The COVID Moonshot is a non-profit, open-science consortium of scientists from around the world dedicated to the discovery of safe, globally affordable, straight-to-generic, and easily-manufactured antiviral drugs against COVID-19 and future viral pandemics. 

The project started as a spontaneous virtual collaboration in March 2020 when a group of scientists, academics, pharmaceutical research teams, and students began a worldwide, twitter-fuelled race against the clock to identify new molecules that could block SARS-CoV-2 infection.  

Thanks to this unprecedented open collaboration of more than 150 scientists, rapid progress was made to identify key compounds showing excellent antiviral activity against the main protease (Mpro) of SARS-CoV-2. These promising molecules are now in pre-clinical evaluation, with the consortium working to advance a compound to first in human studies in 2024.  

DNDi is coordinating a COVID-19 Therapeutics Accelerator-funded project as it progresses a first-in-class compound towards the clinic.

Data shows that this advanced lead, DNDI-6510, is clean in all early in vitro tox screens and highly selective for coronavirus MPro(s), demonstrates clear cellular activity in line with approved MPro inhibitor Nirmatrelvir, and has an excellent cross species ADME and PK profile.

Although other entities are currently developing COVID-19 antivirals, there remains a great need for novel antivirals to provide additional treatment options and reach patients who are excluded due to drug-drug interactions or lack of affordable access.

Open science and intellectual property

All the project’s discovery scientific data will be put in the public domain. Moonshot data is available online to enable others to freely build on its work and accelerate COVID-19 research. 

This approach is already showing results: according to a March 30, 2022 publication about a COVID-19 antiviral drug, key interactions observed by Moonshot compounds enabled identification of a promising drug developed by Japanese pharmaceutical company Shionogi that is now in being reviewed for regulatory approval.

Moonshot did not patent any molecules it found. They will be available for everyone to use and improve. Patents for manufacturing processes or formulation may be possible, depending on partners’ contribution, but always subject to ensuring the drug will be globally affordable and easily accessible to everyone who needs it, particularly in resource-limited settings.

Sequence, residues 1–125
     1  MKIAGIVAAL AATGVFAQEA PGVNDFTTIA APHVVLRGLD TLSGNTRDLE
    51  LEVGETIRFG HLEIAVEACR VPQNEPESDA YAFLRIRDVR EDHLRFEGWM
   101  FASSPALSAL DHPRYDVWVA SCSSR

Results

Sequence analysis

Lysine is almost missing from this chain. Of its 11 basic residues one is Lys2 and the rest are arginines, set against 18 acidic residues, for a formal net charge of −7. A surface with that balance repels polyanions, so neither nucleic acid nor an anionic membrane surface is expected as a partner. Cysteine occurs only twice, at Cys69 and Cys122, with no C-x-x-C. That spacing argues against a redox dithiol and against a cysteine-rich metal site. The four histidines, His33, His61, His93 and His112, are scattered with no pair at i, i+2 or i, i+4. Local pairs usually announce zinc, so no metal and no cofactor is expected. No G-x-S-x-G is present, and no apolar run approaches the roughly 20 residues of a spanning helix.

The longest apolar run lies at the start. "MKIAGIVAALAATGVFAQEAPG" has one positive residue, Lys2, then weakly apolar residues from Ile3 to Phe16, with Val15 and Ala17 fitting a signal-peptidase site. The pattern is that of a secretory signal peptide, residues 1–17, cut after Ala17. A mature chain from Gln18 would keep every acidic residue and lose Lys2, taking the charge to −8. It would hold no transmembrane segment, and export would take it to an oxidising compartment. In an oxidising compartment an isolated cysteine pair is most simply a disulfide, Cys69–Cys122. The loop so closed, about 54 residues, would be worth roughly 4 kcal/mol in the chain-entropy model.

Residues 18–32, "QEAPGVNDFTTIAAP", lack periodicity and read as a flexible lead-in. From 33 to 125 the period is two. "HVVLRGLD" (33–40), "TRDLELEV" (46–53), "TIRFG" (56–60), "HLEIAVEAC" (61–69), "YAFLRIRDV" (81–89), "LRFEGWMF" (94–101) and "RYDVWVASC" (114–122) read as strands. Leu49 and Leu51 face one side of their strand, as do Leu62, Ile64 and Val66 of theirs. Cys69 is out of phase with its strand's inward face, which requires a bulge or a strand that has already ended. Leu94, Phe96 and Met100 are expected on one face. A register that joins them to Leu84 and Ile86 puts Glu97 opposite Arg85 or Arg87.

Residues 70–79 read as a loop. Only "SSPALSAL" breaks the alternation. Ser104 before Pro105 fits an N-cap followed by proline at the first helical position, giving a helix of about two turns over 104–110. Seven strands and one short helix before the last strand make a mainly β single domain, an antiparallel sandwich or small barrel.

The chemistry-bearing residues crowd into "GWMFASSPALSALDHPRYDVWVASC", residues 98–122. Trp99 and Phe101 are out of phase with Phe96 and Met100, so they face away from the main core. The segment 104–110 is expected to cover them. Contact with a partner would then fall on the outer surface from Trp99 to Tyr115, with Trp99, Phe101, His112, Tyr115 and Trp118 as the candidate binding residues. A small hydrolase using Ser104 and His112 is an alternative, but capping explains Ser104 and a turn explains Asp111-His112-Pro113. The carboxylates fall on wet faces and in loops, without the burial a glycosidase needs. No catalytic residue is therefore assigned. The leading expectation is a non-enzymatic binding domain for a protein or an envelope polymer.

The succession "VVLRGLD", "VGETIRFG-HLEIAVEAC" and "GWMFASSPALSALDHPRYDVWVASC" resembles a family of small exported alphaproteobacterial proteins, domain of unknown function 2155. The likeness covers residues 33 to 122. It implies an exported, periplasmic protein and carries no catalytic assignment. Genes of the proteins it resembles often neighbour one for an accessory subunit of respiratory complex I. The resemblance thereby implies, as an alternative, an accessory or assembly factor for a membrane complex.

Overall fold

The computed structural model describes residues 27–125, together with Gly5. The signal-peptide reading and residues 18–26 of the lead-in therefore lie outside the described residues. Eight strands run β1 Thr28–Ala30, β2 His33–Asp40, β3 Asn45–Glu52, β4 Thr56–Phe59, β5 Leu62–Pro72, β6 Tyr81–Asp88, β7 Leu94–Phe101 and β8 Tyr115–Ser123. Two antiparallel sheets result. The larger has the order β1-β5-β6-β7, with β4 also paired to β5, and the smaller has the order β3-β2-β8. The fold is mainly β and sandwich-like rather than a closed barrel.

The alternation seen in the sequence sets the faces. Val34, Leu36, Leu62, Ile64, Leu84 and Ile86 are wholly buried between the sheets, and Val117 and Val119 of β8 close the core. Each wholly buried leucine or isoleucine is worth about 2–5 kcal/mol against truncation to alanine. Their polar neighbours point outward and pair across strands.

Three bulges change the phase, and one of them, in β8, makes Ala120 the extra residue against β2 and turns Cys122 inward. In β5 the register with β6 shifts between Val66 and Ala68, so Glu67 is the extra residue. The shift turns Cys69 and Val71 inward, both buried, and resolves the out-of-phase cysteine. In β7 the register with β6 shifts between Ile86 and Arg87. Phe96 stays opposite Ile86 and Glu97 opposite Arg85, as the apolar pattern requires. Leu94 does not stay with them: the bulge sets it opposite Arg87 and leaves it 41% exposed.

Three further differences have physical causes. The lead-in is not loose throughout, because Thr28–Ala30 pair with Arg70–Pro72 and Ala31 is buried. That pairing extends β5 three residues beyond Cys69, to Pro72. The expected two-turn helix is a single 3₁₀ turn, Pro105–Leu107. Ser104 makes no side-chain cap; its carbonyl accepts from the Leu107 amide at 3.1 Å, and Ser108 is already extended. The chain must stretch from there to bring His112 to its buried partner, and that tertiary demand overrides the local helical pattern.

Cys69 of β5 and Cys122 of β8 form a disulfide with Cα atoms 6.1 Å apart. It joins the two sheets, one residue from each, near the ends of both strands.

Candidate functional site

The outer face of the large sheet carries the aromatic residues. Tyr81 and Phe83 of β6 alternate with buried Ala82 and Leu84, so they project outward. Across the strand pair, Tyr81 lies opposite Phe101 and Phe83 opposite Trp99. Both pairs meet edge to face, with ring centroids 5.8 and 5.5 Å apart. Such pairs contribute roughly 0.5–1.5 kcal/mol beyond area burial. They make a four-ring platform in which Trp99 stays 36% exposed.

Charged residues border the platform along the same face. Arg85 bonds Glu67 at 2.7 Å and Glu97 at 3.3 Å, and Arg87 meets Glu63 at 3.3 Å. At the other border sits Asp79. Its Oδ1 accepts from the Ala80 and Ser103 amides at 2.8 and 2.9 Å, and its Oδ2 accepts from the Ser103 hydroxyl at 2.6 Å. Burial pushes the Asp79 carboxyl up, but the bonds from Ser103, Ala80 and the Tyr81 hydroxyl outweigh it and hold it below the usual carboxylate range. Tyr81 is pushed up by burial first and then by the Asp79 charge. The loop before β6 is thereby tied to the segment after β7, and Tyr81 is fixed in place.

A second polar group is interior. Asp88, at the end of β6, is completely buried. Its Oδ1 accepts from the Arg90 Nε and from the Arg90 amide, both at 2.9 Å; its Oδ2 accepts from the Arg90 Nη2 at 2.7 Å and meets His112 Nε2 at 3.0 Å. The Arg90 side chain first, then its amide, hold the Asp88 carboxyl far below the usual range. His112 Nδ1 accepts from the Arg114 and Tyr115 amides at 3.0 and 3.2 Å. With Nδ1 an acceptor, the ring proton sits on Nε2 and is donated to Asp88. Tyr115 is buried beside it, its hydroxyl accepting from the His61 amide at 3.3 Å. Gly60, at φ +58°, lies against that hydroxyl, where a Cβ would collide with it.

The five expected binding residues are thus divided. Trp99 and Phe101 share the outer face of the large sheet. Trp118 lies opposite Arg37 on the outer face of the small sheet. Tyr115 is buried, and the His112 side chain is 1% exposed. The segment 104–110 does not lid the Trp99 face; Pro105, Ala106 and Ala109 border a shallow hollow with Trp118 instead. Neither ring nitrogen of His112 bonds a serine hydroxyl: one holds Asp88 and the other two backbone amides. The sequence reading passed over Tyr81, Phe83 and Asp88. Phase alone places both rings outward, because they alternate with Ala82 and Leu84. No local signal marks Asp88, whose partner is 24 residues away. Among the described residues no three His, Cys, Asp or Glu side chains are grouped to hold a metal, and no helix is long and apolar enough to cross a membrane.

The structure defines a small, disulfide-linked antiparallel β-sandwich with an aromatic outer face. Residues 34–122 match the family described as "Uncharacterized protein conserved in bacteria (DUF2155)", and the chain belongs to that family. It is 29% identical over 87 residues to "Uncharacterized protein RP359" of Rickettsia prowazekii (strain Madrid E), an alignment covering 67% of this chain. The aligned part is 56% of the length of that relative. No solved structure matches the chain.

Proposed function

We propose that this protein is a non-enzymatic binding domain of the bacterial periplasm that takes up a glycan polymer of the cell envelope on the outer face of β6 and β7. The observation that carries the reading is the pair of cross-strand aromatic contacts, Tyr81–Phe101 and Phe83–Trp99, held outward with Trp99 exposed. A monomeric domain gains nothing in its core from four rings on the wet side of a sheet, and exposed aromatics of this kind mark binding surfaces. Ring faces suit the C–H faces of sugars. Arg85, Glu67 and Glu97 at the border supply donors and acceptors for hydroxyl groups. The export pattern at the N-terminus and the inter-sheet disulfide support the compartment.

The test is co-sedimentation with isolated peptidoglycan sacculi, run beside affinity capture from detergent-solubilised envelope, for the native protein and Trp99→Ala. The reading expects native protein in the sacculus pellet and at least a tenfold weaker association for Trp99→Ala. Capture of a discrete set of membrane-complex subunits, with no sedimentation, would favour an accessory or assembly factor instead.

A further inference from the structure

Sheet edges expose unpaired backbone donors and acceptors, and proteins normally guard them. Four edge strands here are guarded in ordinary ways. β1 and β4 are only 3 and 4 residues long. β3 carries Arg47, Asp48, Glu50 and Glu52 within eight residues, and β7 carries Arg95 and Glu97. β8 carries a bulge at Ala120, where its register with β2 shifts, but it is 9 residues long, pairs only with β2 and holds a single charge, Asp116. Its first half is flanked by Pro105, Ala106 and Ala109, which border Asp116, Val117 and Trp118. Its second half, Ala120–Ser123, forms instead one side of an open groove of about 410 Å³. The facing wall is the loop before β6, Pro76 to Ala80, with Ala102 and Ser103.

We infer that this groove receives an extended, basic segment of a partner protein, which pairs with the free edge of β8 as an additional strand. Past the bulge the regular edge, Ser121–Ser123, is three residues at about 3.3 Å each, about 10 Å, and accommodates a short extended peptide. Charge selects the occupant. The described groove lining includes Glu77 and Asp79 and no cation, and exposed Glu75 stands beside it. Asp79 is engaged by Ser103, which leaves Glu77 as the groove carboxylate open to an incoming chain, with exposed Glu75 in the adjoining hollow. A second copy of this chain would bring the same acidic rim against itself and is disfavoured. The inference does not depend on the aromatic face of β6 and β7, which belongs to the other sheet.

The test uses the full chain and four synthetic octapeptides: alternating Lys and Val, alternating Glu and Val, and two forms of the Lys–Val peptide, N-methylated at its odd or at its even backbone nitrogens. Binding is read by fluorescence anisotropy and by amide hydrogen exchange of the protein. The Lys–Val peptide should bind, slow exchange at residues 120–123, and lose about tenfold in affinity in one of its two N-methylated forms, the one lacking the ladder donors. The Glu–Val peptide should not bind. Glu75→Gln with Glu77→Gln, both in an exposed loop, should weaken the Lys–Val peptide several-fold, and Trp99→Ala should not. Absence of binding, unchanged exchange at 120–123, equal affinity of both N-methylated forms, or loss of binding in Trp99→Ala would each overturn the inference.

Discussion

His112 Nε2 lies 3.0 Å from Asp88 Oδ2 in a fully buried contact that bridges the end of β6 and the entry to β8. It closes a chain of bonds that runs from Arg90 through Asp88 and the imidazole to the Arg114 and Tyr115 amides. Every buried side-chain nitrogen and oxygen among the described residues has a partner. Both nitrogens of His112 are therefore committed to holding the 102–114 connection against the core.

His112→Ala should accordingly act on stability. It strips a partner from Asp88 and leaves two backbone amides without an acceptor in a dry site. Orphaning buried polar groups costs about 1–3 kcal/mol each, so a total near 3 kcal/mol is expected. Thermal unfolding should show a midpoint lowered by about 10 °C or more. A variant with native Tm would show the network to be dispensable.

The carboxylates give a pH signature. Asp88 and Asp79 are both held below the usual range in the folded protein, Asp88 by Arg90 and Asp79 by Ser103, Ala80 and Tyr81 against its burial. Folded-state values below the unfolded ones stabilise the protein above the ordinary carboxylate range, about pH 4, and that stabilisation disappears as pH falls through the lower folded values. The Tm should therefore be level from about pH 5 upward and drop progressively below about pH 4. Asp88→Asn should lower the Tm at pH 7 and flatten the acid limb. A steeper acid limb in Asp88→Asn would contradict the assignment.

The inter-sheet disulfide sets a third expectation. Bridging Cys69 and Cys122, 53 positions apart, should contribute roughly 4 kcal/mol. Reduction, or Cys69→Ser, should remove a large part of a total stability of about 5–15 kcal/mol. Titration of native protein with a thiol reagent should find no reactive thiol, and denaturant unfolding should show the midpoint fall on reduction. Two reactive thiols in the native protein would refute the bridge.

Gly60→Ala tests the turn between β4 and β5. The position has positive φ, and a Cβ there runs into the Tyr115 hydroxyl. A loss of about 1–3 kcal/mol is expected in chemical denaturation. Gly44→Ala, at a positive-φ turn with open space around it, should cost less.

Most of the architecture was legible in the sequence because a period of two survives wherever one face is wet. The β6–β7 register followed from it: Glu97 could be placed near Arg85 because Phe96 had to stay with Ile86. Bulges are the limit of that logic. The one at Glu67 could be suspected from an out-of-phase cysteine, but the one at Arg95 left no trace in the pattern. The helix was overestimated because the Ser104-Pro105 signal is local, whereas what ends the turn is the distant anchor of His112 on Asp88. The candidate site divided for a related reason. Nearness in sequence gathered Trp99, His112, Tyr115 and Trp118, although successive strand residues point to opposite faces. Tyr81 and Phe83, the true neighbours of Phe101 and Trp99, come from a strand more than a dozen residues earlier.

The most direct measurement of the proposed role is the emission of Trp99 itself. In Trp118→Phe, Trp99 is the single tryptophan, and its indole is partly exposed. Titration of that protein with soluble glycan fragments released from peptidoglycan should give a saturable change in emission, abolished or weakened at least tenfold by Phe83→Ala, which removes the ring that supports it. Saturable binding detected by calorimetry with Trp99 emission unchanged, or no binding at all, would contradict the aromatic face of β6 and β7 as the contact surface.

How to get involved

We are continuing our Moonshot open science journey, and want to hear from you if you would like to contribute with ideas and designs! Moonshot now has a new home in the ASAP consortium, with the aim of delivering oral antivirals for pandemic preparedness with the goal of global, equitable, and affordable access.

Beyond contributions to the drug discovery design via the well-established Moonshot platform, we’re actively looking for partners to support the following activities: 

  1. Co-lead development and registration 
  • CMC activities: Scale-up and manufacture for clinical trial supply for Phase II/III; Commercial product development  
  • Clinical development (Phase I-III) activities: DNDi leading phase I (ideally partner to co-lead); Partner to lead phase II/III (DNDi co-lead) 
  • Registration activities: Dossier preparation and filing to WHO standards 
  1. Expand geographic reach 
  • Commercial manufacture and distribution to low- and middle-income countries 
  • Generic companies in various regions to support eventual fast supply to low- and middle-income countries 

To get involved, please contact Peter Sjö, Head of Drug Discovery Programme, DNDi: psjo@dndi.org

Project updates

October 2022

In October 2022, the consortium selected a single advanced lead, DNDI-6510. Data shows that this lead is clean in all in vitro tox screens and  highly selective for coronavirus MPro(s), has an excellent cross species ADME and PK properties, and demonstrates clear cellular activity in line with the approved MPro inhibitor Nirmatrelvir.

January 2022

In January 2022, the consortium announced that it had identified compounds that are showing excellent antiviral activity and enzymatic potency against the main protease of SARS-CoV-2. These compounds are meeting Moonshot criteria for pre-clinical evaluation and will move to the next, translation phase of the project.  

2021

Progress towards candidate molecules has continued apace, with the best compounds demonstrating potencies and human dose predictions in line with emerging therapeutics in the same space (Paxlovid, S-217622). 

Moonshot project in the news

Additional information

and hundreds of open science contributors around the word!